Legal Notes—Funeral Arrangements: How Do You Give Directions? Who Has Authority?

If you are someone who likes to be prepared and to have your affairs in order, you may have an estate plan in place to address management of your medical needs and finances in case of incapacity and the testamentary disposition of your assets. In contemplating end-of-life issues, you may also have planned for your funeral—whether it involves a traditional full service with embalming and viewing, followed by a ceremony and burial at the gravesite, or direct burial, a full-service cremation, or direct cremation. 

How are your instructions then carried out? 

If you have a pre-need funeral services contract with a licensed funeral establishment, specific instructions regarding the nature of your funeral services will be carried out by the funeral home. If no such contract is in effect at the time of your death, or the contractual terms are not specific enough, then under Massachusetts law the funeral home will effectuate your wishes expressed in writing and signed by you in the presence of a witness.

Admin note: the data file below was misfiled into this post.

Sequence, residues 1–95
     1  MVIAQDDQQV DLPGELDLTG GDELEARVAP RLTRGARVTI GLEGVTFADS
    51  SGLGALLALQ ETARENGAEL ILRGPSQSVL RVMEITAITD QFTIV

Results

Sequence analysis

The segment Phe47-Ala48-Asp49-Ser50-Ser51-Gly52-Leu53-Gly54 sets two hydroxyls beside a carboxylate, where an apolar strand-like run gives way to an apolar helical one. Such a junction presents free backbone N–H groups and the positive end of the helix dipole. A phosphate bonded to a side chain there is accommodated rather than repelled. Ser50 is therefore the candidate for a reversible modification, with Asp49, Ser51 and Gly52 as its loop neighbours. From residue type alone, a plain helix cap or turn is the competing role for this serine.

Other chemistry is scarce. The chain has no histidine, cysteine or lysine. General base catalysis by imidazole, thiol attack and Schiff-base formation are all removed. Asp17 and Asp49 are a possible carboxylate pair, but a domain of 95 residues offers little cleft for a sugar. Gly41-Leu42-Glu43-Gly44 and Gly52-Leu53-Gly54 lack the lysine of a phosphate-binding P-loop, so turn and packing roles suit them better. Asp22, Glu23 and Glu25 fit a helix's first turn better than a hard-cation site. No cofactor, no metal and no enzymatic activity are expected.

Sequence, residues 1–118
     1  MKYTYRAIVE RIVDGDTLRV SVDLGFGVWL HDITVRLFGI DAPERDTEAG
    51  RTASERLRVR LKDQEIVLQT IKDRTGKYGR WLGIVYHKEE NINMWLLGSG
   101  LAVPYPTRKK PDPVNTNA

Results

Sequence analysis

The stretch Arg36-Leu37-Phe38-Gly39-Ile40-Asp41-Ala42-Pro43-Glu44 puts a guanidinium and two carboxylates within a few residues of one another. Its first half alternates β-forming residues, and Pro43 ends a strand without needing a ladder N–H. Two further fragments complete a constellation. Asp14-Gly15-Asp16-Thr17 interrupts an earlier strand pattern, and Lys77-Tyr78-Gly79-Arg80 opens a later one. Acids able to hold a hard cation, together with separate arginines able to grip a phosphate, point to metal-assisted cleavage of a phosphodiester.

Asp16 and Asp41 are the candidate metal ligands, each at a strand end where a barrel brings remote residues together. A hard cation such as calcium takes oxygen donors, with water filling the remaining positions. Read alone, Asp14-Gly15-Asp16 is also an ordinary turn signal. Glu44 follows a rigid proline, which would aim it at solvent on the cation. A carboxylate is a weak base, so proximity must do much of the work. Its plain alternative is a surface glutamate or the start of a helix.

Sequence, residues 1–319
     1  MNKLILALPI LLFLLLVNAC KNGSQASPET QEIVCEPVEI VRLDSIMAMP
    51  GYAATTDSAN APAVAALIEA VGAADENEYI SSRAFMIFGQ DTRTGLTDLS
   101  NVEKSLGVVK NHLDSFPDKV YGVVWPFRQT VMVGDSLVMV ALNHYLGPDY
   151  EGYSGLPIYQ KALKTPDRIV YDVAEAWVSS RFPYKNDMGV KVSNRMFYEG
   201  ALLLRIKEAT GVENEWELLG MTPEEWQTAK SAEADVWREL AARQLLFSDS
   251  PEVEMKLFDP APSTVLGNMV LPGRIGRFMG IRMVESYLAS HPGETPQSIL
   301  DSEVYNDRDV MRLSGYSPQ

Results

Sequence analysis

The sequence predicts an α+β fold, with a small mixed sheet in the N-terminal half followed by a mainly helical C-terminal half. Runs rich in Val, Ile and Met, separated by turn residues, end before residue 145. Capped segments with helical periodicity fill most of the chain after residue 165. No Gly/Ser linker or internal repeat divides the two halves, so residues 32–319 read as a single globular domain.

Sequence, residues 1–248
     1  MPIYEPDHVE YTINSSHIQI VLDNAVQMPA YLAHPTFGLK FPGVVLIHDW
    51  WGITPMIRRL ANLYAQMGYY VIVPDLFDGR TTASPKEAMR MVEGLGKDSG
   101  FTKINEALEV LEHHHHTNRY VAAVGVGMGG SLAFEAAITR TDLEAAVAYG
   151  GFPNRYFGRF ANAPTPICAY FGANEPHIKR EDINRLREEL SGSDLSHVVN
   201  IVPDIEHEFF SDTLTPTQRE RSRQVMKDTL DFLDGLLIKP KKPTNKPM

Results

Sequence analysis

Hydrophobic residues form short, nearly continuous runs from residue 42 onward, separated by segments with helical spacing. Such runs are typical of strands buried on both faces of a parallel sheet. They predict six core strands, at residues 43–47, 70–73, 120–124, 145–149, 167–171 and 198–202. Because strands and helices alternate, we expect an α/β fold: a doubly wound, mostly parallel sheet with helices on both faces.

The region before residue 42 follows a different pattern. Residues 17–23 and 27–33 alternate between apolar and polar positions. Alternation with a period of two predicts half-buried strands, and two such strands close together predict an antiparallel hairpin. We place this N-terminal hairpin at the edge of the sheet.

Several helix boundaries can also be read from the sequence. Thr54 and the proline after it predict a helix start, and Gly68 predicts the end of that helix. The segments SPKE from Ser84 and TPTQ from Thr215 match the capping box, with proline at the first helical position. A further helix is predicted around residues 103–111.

Without a pre-need funeral services contract or any written instructions, a funeral home can take directions from your surviving kin or legal representative in the following order of priority (if more than one person exists in a class below, directions from a majority of the members prevail):

  1. Surviving spouse;
  2. Surviving adult child;  
  3. Surviving parent;
  4. Surviving sibling;  
  5. Legal guardian at the time of your death, if any;
  6. Any other person legally authorized or obligated to dispose of the remains—i.e., personal representative (aka “executor”) appointed by the probate court, or the agent under your health care proxy. 

Consider the priority order of people who will orchestrate your funeral. Are you okay with the default answer? It can be problematic for aging “solos”—who will not have a surviving spouse, child, parent, or sibling. Or you may not want your next of kin—a sibling who rarely spoke to you—to control your memorial service. Note that a personal representative cannot direct your funeral arrangements in a timely manner, because it can take several weeks for a probate court to issue an appointment from the date of filing the petition. In many circumstances, probate is not even necessary to settle an estate.

If you are certain about the funeral arrangements you want, purchasing a pre-need funeral services contract can ease the burden on your survivors. If you need flexibility or you are not ready to make a contract, financially or emotionally, simple written instructions can suffice. They may be in your will, health care proxy, or other writing.  

Consider your wishes, memorialize them. Take control of your final act.